Hah. Yes, it's something that trips a lot of people up when dealing with DVD footage or similar.
You just run an IVTC on it, and you're good. Might want to check you've got proper 23.976 output from it, though; MediaInfo should be able to help you there. Though it might list the framerate as being "24000/1001". This is because 24000 divided by 1001 is the actual number of frames per second of 24fps aka 23.976fps playback (which comes out to 23.976023976023976023... It recurs infinitely).

I believe the Avisynth filter for a proper IVTC is something like tfm.tdecimate(). If you use VirtualDub, it should have an IVTC filter; just be sure to set it to decimate, and automatically detect the phase of it. I think there might be a way to do it via ffmpeg too, but ffmpeg is arcane wizardry. :lol:

I believe the main problem with the Dragon Boxes here is that some episodes aren't properly flagged, so a lot of automated processes to deal with IVTC just don't treat it properly; manually putting in a filter like tfm.tdecimate() should force it into actually figuring it out, but letting your encoder just deal with it will give you trouble.
But I think the problem does go deeper in a way, because I seem to recall running into the problem that the episodes afflicted by this ended up heavily macroblocked too. I think the interlacing flags weren't set up properly at the encoding step, so the DVD encoding handled the episodes improperly...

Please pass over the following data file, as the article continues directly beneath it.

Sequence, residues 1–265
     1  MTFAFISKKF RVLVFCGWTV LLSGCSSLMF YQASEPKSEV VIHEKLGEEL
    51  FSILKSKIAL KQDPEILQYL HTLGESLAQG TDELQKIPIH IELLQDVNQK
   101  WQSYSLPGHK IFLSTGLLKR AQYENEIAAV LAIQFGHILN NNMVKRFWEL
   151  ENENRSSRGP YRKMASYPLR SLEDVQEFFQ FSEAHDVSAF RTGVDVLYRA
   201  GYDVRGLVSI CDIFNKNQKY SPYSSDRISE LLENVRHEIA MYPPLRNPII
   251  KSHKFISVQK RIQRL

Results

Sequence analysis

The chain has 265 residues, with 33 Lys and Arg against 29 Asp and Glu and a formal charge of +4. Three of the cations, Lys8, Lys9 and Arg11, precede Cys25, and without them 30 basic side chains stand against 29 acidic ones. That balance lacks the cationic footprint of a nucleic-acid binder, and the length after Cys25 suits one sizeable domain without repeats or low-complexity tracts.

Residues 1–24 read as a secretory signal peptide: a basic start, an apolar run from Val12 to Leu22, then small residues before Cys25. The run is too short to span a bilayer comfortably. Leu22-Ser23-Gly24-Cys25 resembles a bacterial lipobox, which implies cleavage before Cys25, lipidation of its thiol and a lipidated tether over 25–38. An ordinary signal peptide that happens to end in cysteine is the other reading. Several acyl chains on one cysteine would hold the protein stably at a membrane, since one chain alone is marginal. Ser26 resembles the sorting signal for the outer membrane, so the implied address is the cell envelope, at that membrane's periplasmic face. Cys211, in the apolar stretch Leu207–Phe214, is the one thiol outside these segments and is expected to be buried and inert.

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Re: It’s time for fans to come together and remaster the series properly.

Post by gokaiblue » Thu Apr 25, 2019 12:36 pm

Robo4900 wrote:
Thu Apr 25, 2019 11:19 am
gokaiblue wrote:
Thu Apr 25, 2019 1:58 am
I've seen some great results from color correcting the Dragon Boxes, so that mixed with the broadcast audio would be good enough for me. If people want to do any sort of digital sharpening, then that's their prerogative. What I would want from this project would be color correction, maybe some upscaling and deinterlacing, and the broadcast audio. That would be my perfect "remaster."
You seem misinformed on various aspects of this, so if you'll indulge me for a moment, I'd like to explain why I think the efforts you describe would be a bad idea in this case...

Deinterlacing would usually be an incorrect proceedure for Dragon Ball. What would be needed would be an IVTC; deinterlacing should turn 30fps interlaced into 60fps progressive so that the 60 fields contained in the 30 frames of the interlaced picture in a second are properly rendered on a modern progressive display.
DVD is an interlaced 30fps format in NTSC regions like the USA and Japan, so 24fps film content like Dragon Ball has to be spread out across the 60 fields of a 30i picture, so you need an IVTC process to reverse that and get the original 24fps results out. (Though technically, it's not 60, 30, or 24 we're dealing with here, it's closer to 59.94, 29.97, and 23.976, but that's neither here nor there)

Upscaling gives no benefit that your TV or media player won't already give you (remember, standard-def content only has standard-def detail; upscaling can just spread the pixels of that standard-def image out over a larger number of pixels, sometimes in fancier ways than others. You can't just add HD detail to an SD image, the detail simply doesn't exist), and in fact upscaling would be an active detriment to a fan-remaster project, as using upscaling to pad the original picture out to a larger size will just unnecessarily inflate the filesize to at least 4x what it would need at standard-def if you want it to look as good as it did at standard-def, and that combined with any potential sharpening would accentuate all the flaws of the original DVD encode such as banding, macroblocking, etc.